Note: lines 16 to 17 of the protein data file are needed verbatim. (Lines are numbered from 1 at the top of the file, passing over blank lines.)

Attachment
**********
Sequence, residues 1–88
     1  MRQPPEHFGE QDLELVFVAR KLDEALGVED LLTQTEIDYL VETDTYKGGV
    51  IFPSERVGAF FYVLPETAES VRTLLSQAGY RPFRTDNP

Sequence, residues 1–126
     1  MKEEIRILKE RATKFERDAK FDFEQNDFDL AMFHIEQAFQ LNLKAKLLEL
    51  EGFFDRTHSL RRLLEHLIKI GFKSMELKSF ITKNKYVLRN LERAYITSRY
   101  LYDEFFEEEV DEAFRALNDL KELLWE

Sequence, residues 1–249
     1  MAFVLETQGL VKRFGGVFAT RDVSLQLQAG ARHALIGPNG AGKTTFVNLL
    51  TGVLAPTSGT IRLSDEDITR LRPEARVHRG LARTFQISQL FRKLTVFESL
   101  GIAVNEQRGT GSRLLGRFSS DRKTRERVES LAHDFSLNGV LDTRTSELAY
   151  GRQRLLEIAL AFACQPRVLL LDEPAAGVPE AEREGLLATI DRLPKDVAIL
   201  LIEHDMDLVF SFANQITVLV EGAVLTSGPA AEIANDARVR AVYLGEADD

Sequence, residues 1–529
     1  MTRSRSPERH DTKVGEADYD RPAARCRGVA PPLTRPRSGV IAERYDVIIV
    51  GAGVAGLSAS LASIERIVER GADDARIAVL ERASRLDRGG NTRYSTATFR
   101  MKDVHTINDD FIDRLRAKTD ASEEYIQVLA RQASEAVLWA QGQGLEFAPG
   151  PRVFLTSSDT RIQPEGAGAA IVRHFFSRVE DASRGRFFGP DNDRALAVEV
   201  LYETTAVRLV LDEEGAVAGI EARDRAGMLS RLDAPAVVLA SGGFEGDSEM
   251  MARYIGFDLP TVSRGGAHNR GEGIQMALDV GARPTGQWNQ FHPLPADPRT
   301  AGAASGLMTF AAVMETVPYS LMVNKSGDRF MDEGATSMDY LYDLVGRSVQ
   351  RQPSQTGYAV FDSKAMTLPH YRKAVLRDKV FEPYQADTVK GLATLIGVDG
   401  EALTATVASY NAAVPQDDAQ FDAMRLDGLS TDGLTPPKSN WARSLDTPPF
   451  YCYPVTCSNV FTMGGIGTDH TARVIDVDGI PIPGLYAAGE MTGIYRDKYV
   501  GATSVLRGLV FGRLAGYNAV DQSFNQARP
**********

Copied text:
    51  GAGVAGLSAS LASIERIVER GADDARIAVL ERASRLDRGG NTRYSTATFR
   101  MKDVHTINDD FIDRLRAKTD ASEEYIQVLA RQASEAVLWA QGQGLEFAPG